Safe-haven currencies remain unchanged, Sterling softens on spending concerns
Safe-haven currencies were on the defensive on Tuesday as hopes of an economic recovery strengthened stock prices. The Pound Sterling was under pressure after British Prime Minister Boris Johnson pledged a “Rooseveltian” boost to public spending.
Fresh optimism was spurred by pending home sales data from the U.S., signaling a recovery of the U.S. economy in May after a record plunge dealt by the COVID-19 pandemic. Based on contracts signed last month, pending home sales surged by 44.3%, compared to a forecast for a 18.9% rise by economists.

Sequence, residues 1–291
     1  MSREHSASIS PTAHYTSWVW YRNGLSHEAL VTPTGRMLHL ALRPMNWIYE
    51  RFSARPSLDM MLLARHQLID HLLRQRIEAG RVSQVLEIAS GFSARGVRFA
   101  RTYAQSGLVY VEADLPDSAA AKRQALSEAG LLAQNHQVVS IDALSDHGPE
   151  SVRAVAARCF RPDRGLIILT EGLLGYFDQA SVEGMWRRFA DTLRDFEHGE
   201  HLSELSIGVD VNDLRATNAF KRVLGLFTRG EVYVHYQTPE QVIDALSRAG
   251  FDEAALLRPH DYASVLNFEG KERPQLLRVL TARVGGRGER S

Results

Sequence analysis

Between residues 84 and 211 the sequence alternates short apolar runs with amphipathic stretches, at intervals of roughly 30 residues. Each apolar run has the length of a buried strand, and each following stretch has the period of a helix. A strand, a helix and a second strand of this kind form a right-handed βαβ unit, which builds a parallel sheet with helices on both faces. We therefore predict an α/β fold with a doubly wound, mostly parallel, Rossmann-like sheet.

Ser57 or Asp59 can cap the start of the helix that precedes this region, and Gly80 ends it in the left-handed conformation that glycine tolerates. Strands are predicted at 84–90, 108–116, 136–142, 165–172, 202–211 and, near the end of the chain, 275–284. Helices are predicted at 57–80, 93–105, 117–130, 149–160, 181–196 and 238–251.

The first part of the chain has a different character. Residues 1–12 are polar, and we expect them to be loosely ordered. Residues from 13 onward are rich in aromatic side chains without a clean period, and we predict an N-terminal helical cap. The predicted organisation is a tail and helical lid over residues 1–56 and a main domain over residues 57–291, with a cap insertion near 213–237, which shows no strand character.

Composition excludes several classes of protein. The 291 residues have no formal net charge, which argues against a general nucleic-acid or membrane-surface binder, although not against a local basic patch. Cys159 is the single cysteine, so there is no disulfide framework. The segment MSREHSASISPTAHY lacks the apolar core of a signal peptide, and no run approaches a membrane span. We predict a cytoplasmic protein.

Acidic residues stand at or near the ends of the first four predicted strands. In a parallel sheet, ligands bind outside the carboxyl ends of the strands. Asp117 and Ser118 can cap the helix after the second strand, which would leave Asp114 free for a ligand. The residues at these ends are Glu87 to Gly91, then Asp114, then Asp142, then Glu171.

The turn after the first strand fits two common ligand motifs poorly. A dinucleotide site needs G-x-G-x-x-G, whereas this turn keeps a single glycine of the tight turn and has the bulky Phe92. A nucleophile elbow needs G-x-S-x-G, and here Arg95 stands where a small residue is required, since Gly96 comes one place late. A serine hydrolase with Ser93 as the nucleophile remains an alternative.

Wall Street saw 14% gain in Boeing shares as the aircraft maker resumed its long-delayed flight tests of its redesigned 737 MAX planes.
The U.S. Dollar rose to ¥107.59, reaching a three-week high of 107.885. However, its gains were limited by its 100-day moving average around that level.
The Swiss Franc loosened to $0.9511 and €1.0697. Meanwhile, the Euro traded at $1.1244, slightly gaining more against the Greenback on Monday.
The British Pound Sterling traded at $1.2297, after it fell to a one-month low of $1.2252 on Monday as concerns grew over how Britain would pay for its planned infrastructure program. The Sterling has reached a three-month low against the Euro, which last traded a £0.9175 on Monday.
Meanwhile, the offshore Chinese Yuan held steady at $7.0746.